Made of large logs of pine, spruce or larch, a tall and spacious northern izba (log-house) was heated by a huge Russian stove. If the stove was the heart of the Russian house, its soul was the Red Corner (red [krasny] meaning beautiful in old Russian) where the family’s sacred objects sat.
This area included holy icons draped over with the embroidered bozhnik (godly-towel), a Bible—if there was a literate person in the household—and occasionally a figurine of a saint brought from a pilgrimage by a pious relative. Wooden representations of St. Nilus of Stolben were common. An oil lamp suspended from the ceiling burned in front of the icons.
Source: TMORA (The Museum of Russian Art, Minneapolis)
During the era of Soviet power, the ‘Red Corner’ was the name given to the place at a factory, plant, school, and in general at any establishment, that was equipped to carry out ‘agitation and propaganda’ of the new ideology, new communist ideas. The first post-revolutionary ‘Red Corners’ were places where ‘political enlightenment’ of the masses was conducted, lectures were arranged about the projects and plans of the new power, the bright future which awaited all workers during Communism was discussed. Slogans and posters were hung on the walls of these ‘corners,’ and banners were arranged in the ‘Red Corner’ near portraits of leaders, pamphlets with speeches by Lenin, Trotsky were placed on tables …
Gradually these ‘Red Corners’ turned into unique sorts of chapels of the new religion, and they became subordinate to the ideological department of the Party Committee of each factory, collective farm, etc. They became a place for mandatory meetings of the ‘Party collective,’ a meeting place for delegates, a place for elections.
During the 1960’s and 1970’s, life in these club-temples gradually began to die out, the ‘cult’ dwindled, and the stands and posters that were more and more depressing and mechanical gradually decayed, and everything taken together – the ritual, the design, and the paints – turned into a depressing ceremony that was no longer of use to anyone.
Source: “Ilya and Emilia Kabakov: The Red Corner,” Fine Art Biblio
Many human rights activists expected that with the start of the war in Ukraine, Russian officials would refocus their repressive efforts away from the Jehovah’s Witnesses; but those expectations have proved untrue. And Putin’s campaign against the Witnesses has continued unabated.
As of now, 404 of the 538 structures classified as terrorists or extremists by the Russian government are Jehovah’s Witnesses; the number of searches in Jehovah’s Witnesses’ homes have increased and now number some 1800 in 71 federal subjects; and the number of Witnesses sentenced to camps rose from 32 to 45 between 2021 and 2022.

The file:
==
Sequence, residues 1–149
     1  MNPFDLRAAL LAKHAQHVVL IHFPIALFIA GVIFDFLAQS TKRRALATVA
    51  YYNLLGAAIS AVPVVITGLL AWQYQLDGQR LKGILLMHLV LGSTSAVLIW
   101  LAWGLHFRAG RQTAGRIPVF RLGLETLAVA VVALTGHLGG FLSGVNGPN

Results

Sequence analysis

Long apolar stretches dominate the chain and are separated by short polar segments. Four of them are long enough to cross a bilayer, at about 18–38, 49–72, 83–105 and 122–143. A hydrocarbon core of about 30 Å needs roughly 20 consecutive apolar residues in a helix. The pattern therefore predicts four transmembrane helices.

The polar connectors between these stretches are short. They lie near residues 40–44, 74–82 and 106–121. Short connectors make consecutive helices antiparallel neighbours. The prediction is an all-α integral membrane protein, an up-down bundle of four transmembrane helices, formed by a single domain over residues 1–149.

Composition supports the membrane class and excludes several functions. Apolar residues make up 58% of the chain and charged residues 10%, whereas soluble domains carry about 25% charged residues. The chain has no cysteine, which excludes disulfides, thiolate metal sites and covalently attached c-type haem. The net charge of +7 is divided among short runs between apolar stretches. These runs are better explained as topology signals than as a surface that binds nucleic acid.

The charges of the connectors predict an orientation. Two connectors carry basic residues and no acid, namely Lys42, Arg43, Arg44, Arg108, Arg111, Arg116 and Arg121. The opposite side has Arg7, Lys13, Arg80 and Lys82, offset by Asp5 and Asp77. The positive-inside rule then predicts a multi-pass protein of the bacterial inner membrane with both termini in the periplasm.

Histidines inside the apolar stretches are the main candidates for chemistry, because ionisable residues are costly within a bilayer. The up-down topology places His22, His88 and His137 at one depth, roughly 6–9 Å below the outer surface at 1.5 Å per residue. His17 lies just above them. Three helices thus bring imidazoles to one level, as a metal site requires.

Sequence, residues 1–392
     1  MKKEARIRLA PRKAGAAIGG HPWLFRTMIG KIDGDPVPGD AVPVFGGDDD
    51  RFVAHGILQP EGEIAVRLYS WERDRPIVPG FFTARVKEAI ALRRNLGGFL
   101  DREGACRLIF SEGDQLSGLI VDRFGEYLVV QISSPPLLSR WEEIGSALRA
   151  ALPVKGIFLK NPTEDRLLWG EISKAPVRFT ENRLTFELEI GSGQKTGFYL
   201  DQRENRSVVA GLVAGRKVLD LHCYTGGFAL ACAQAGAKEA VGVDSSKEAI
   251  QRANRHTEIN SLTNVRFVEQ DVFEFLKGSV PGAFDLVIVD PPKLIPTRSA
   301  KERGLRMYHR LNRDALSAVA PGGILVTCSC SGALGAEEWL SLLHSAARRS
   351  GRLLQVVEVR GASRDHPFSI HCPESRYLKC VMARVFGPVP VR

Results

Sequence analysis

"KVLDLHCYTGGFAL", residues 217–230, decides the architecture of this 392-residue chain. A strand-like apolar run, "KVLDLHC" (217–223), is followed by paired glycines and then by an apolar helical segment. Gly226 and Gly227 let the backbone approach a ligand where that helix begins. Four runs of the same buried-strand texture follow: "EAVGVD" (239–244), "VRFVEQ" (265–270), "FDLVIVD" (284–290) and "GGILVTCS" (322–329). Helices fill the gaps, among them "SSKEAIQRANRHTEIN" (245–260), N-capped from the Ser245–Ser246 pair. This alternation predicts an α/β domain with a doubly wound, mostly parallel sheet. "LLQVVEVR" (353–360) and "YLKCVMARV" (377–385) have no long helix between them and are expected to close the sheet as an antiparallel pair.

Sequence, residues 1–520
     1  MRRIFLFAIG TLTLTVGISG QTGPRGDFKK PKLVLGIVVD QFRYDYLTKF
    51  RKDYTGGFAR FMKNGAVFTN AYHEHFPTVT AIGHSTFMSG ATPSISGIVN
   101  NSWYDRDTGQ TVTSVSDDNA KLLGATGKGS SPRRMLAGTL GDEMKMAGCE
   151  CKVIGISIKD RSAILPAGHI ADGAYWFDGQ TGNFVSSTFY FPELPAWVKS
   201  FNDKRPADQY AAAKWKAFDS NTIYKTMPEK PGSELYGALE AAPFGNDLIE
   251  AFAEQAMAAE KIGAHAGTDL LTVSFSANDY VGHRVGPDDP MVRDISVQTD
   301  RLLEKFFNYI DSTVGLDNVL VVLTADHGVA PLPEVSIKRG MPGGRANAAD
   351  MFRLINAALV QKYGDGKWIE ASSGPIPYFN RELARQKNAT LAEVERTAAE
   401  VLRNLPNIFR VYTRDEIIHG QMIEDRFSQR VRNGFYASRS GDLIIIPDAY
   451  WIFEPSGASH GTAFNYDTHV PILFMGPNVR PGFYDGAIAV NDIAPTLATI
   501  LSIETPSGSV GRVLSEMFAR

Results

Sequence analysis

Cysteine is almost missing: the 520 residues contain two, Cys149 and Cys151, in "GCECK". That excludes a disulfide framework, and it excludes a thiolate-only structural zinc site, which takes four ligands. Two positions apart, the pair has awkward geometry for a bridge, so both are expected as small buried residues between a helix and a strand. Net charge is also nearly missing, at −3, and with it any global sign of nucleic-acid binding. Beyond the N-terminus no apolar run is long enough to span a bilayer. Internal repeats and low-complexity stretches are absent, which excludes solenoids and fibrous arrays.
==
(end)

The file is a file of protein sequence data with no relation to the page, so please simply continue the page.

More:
Aleksandr Verkhovsky, head of the SOVA information and analysis center, says this is insane especially in wartime and must reflect some judgment by the authorities that continuing to repress the Jehovah’s Witnesses is in their interests; but it remains unclear what basis there could be for that (baikal-journal.ru/2023/01/19/pochemu-vlast-bolshe-70-let-presleduet-svideteley-iegovy/).
But Sergey Davidis, head of Memorial’s “Support Political Prisoners” project, argues that there are three main reasons why the Putin regime continues to persecute the Jehovah’s Witnesses:
First of all, he says, “the Russian authorities are intolerant of any independent organization, especially a large one which has its own ideology” and in particular those whose centers are outside the borders of the Russian Federation, a reflection of the leadership’s paranoia about any independent group.
Second, he continues, many in Russia see the Jehovah’s Witnesses as being at odds with Russian traditions and so accept their persecution as a legitimate form of the defense of the latter. And third, going after the Witnesses allows the security services to make themselves look good statistically. After all, it is easy to go after those who don’t hide and don’t resist.
Thus the persecution of the Jehovah’s Witnesses is likely to continue or even grow, despite the fact that the Witnesses themselves provide no justification for such actions.
Source: Paul Goble, “Putin’s War Against Jehovah’s Witnesses Continues Unabated for Three Main Reasons, Davidis Says,” Window on Eurasia — New Series, 21 January 2023
ON ECUMENICAL SUNDAY at St. Saviour’s Anglican Church, Riga, I shared a few words about 2 of my favorite 20th c. ecumenists, Martin Luther King, Jr., and Aleksandr Men’ — great men of faith who rose above the parts to embrace the whole.
The service proper concluded w/ an early Franciscan benediction which I had never heard and like a lot:
May God bless you with discomfort at easy answers, half-truths, and superficial relationships, so that you may live deep within your heart.
May God bless you with anger at injustice, oppression and exploitation of people, so that you may work for justice, freedom and peace.
May God bless you with tears to shed for those who suffer pain, rejection, hunger, and war, so that you may reach out your hand to comfort them and turn their pain into joy.
And may God bless you with enough foolishness to believe that you can make a difference in the world, so that you can do what others claim cannot be done to bring justice and kindness to all our children and the poor.”
Amen! To which I will only add that while I think my foolishness quotient actually surpasses the level of “enough,” applying it regularly toward Francis’ ends remains a challenge.
Source: Mark H. Teeter (Facebook), 22 January 2023. Thanks to Mark for his kind permission to let me reproduce his original post (minus three images) here. ||| TRR